The TUC has its own Aid for Haiti appeal. But where will the money go? The history of its involvement in South America does not bode well for the future…
The British working class are a generous lot when it comes to those who find themselves victims of terrible natural calamities or dreadful wars. Witness the outrage when the BBC alone decided not to screen the Disasters Emergency Committee’s (DEC) appeal for the people of Gaza. Witness as well, the magnificent response to the DEC appeal for the people of Haiti – with the Welsh and other fire fighters rescuing buried victims. But what of the TUC’s Aid for Haiti appeal? How does this fit in with the working class’s traditional generosity?
Well, the TUC will hand all the money collected to the International Trade Union Confederation (ITUC), formerly the International Confederation of Free Trade Unions (ICFTU). The post-war history of this organisation needs closer scrutiny.
The ICFTU broke away from the World Federation of Trade Unions in 1948 as a Cold War gesture led by the British TUC and the American AFL/CIO. There then followed a period when the ICFTU encouraged affiliates to ban communists and “fellow travellers” from holding office, even as shop stewards or on Trades Councils. In Britain, this policy held sway for more than twenty years.
Living with capitalism
The ICFTU tried to encourage the “opposition” in the socialist bloc and to undermine the WFTU whenever it could. It took as its own the West’s foreign policies and was happy to live with capitalism. It was in effect the creation of capitalism frightened by the growth of workers’ support for the USSR and socialism after WWII.
After the collapse of the USSR, the ICFTU turned its attention to Cuba, the island that was now struggling with an increased US blockade and the collapse of its former trading partners. Despite the fact that Cuban unions within the CTC which was affiliated to the WFTU had over 90 per cent membership density on a voluntary basis and manual subs collection, the ICFTU found a stooge or two who claimed they were trying to start a new union in the energy sector and were being persecuted and not recognised by the Cuban state owned energy industry. It reported Cuba to the International Labour Organisation (ILO) seeking suspension of Cuba from its bodies and sanctions against Cuba.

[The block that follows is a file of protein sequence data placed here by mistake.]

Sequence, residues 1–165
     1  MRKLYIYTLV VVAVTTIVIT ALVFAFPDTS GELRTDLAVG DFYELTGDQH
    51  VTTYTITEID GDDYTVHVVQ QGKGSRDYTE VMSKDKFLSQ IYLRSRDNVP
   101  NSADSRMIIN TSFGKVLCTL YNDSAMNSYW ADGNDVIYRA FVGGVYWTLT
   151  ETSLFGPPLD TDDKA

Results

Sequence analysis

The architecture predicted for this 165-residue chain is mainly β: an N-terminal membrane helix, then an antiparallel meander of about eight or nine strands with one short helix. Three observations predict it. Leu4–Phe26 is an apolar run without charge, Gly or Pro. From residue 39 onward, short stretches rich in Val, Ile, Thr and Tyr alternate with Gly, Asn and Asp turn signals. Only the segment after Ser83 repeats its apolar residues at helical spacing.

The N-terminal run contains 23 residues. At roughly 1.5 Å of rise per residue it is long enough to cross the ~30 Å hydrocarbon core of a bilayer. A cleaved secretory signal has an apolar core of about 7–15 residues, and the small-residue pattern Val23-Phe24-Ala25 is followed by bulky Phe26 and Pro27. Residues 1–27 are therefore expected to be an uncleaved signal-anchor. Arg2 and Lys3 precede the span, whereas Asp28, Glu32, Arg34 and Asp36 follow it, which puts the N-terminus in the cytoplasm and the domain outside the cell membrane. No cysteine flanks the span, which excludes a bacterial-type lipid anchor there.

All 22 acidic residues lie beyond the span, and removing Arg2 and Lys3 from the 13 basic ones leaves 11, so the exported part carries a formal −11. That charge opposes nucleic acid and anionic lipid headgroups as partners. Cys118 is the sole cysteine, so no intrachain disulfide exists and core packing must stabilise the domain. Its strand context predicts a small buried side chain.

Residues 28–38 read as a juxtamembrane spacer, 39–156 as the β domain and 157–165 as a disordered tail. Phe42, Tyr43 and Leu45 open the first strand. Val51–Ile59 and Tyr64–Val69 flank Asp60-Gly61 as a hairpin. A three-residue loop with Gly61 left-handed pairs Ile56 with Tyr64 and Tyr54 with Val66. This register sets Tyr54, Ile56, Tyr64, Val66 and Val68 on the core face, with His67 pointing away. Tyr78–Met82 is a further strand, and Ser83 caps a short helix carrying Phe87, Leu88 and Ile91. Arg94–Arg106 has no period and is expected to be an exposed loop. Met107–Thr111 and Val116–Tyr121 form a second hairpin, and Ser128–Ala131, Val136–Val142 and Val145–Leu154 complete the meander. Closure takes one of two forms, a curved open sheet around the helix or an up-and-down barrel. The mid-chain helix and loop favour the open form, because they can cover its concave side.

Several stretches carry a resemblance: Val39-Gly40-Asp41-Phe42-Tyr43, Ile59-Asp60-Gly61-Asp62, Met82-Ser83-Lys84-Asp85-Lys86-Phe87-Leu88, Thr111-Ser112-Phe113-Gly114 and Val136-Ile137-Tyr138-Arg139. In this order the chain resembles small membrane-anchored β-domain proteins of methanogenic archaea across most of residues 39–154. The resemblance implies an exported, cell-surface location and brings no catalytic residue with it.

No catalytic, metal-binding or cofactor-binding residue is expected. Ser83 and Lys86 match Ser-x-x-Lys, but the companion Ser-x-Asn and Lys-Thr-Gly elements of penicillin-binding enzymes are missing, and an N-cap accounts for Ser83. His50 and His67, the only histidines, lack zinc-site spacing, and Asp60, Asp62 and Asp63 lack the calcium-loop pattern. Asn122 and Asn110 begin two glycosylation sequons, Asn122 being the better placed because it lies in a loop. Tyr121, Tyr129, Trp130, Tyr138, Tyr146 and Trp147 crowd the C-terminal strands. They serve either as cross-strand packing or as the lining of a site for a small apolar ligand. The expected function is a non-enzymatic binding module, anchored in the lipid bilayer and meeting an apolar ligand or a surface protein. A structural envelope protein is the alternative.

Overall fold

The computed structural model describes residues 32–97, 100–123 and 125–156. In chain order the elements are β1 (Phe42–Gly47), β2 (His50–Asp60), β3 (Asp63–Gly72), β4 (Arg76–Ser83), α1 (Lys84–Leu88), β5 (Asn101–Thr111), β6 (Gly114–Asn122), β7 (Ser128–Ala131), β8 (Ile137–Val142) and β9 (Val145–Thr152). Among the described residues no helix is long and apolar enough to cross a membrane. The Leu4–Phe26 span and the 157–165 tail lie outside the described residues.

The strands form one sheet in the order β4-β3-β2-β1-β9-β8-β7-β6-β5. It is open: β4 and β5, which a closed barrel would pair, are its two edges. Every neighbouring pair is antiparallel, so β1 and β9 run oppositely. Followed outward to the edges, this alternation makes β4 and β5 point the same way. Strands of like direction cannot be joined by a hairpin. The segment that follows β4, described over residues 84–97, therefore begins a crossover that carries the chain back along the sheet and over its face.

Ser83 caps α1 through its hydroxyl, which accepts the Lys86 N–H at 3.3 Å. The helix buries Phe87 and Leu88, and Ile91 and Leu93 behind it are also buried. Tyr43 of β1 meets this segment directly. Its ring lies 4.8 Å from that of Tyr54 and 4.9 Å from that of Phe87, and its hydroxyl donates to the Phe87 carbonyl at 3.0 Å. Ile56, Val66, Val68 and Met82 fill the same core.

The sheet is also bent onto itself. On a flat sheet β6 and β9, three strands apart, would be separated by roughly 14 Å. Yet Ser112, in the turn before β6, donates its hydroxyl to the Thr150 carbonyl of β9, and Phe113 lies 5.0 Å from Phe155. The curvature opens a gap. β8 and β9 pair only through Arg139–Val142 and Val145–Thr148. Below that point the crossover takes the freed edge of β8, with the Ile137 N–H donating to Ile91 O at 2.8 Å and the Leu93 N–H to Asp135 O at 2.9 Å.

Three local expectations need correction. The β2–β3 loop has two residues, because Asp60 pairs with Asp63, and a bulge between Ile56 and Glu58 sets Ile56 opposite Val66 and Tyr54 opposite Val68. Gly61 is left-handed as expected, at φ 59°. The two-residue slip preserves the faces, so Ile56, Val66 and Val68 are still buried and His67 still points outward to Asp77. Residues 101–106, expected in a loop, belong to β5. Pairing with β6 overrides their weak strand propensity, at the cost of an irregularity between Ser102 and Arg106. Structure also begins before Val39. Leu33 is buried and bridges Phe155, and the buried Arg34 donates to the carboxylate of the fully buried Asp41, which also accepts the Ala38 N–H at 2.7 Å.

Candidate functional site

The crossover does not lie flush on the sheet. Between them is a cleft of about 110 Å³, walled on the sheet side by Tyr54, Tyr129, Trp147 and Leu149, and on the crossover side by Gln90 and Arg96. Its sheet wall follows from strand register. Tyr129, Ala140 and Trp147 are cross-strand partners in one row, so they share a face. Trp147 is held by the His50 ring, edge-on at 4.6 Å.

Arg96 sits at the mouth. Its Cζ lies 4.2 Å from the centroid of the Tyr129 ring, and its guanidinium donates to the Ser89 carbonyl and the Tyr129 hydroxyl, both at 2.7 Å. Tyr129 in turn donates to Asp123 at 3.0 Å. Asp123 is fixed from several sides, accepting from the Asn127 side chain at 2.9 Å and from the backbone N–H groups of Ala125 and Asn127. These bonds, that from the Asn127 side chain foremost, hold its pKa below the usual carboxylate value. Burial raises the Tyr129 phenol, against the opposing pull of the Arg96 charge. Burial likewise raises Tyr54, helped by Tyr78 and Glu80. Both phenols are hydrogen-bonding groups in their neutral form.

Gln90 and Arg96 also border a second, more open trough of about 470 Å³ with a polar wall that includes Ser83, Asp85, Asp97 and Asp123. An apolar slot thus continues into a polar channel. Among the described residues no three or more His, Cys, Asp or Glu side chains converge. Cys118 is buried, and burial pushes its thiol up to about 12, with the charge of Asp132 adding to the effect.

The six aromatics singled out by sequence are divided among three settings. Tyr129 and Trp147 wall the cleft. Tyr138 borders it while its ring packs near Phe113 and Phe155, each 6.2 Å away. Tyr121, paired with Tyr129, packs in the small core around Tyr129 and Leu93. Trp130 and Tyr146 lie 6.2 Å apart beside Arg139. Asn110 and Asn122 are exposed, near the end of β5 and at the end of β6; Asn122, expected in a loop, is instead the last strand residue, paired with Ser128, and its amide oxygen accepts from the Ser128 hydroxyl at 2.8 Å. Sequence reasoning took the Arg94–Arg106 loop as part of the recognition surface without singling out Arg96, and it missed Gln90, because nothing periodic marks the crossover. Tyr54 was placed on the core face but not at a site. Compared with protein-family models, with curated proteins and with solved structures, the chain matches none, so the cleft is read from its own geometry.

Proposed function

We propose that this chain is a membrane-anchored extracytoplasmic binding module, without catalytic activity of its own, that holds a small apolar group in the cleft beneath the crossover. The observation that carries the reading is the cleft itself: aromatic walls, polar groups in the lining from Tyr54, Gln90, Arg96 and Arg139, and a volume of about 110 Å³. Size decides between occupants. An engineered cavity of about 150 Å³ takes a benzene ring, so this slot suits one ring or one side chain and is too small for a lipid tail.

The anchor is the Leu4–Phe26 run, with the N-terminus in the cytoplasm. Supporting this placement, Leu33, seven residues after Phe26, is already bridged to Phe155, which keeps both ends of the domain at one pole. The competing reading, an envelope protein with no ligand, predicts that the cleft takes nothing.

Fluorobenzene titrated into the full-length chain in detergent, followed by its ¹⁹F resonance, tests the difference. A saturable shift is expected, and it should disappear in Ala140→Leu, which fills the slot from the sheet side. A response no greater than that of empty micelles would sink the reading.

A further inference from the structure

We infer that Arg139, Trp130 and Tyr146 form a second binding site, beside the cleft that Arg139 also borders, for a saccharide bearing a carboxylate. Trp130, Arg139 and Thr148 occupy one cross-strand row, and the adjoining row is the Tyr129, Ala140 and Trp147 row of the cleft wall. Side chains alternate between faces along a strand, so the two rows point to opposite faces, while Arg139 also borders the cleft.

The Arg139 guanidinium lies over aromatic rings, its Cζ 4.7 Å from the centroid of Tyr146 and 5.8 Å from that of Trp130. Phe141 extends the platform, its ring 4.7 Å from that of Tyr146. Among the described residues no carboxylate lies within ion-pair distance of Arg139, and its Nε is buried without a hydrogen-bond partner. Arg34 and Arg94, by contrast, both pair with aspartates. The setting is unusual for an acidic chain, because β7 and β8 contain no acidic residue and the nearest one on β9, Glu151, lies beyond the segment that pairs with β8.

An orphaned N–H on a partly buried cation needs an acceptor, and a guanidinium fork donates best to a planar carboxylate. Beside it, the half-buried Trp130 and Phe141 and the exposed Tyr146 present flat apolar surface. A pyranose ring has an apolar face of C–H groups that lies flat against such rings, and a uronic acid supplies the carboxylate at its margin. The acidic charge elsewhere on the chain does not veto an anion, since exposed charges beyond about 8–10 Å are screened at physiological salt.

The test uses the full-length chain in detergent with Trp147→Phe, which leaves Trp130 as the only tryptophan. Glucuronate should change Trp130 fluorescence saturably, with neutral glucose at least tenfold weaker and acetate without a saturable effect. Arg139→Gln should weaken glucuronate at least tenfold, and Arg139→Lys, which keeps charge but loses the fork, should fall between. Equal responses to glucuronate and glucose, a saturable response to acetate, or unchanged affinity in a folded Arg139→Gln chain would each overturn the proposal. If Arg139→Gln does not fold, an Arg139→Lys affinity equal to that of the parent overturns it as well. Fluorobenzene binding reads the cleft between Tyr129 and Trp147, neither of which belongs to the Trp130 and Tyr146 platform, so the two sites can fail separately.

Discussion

The ILO was riddled with spooks at the time. It took a UNISON delegation to Cuba to investigate these claims and find them groundless, reporting that the ICFTU stooges represented no one and the CTC unions had genuine popular support. Despite this the ICFTU continued for years to undermine Cuba. It took a campaign amongst British unions to reverse TUC policy which was originally identical to that of the ICFTU.
After 1948, most Latin American unions stayed with the WFTU and the ICFTU always wanted to gain union power here. There was also the right-wing Catholic trade union centre called the World Confederation of Unions, with whom the ICFTU would eventually merge to create the ITUC.
Turning on Chavez
But not content with trying to subvert the Cuban revolution, the ITUC turned on Venezuela after the election of Chavez. The US-backed coup that temporarily put Chavez out of power involved the leader of the Venezuelan ITUC trade union centre. He had previously organised strikes by managers in the oil industry to bring down the government that was taking on the oligarchs that were in bed with the ITUC trade union centre in the country.
Cuban doctors in Gonaives, Haiti: some UNISON regions are donating disaster relief money directly to the Cuban medical brigades.
After the coup, he was arrested and workers began to form new unions and a new union centre. The ITUC saw its opportunity and reported Venezuela to the ILO for harassing a trade union leader and creating state unions. Once again it took former UNISON leader Rodney Bickerstaffe to phone, from Caracas, the TUC delegation at the ILO in Geneva that was hearing the case to explain the truth and that the new unions were genuinely representative of Venezuelan workers. But the ITUC does not change its ICFTU spots.
It now wants affiliated union centres to collect money for Haiti, a country that has never been forgiven for its slave uprising that ended French colonial rule, and which is in partnership agreements with Cuba, Venezuela, Ecuador, Nicaragua, Bolivia and ALBA.
The ITUC says some of the money will go to its affiliates in the Dominican Republic and some to its Haitian affiliate and some for “long term development”. What are ITUC’s long-term ambitions for Haiti? With plans for the mass transportation of Haitian children to Florida and calls in the US for Haiti to become the next state of the USA, it’s really all left to the imagination.
Two regions of UNISON have already come up with a very interesting idea. Instead of sending money to the TUC and consequently the ITUC, the Northern and London Regions are to send very large donations to the Cuban Medical Brigade in Haiti. If your union would be interested in doing the same, here are the details:
If you make a transfer, agree to pay bank charges at both ends. Donations in pounds sterling. If there are lots of small amounts, send cheques to the Cuba Solidarity Campaign with Haiti Earthquake written on back.
Title or reference: Terremoto en Haiti
SWIFT code: BIDCCUHH
Account No: 01321010770900